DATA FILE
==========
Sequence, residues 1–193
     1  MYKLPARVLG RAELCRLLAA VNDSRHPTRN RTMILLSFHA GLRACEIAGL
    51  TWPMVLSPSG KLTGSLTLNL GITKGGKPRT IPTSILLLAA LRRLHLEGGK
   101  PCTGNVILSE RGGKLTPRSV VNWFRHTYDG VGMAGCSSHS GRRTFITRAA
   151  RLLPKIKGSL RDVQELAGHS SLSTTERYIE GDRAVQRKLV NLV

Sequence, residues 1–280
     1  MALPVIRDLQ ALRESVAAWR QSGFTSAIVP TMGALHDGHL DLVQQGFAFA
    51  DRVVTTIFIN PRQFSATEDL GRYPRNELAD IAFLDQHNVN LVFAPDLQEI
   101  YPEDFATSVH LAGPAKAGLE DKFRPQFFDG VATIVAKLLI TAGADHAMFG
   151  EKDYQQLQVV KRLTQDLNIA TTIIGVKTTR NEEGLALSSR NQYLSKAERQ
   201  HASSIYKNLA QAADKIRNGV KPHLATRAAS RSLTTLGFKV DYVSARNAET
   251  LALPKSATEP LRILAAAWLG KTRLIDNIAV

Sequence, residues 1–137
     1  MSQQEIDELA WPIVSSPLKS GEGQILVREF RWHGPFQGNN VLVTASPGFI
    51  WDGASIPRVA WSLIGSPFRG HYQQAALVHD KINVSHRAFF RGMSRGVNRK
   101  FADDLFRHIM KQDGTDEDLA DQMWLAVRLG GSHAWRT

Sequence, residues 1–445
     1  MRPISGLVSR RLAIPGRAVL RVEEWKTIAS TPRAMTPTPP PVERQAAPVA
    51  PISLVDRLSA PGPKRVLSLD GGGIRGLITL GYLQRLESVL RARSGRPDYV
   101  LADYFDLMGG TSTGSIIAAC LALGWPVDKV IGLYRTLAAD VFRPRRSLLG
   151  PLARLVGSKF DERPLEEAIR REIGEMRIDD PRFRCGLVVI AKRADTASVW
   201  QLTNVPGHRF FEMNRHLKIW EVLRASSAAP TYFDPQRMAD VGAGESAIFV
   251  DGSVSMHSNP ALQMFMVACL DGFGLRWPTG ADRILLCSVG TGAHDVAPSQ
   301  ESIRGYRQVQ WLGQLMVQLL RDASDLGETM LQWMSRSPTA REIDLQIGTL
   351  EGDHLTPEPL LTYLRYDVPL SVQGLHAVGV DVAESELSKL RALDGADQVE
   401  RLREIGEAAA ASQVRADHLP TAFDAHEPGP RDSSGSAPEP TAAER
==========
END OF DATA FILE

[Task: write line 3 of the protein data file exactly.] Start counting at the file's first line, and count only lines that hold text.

    51  TWPMVLSPSG KLTGSLTLNL GITKGGKPRT IPTSILLLAA LRRLHLEGGK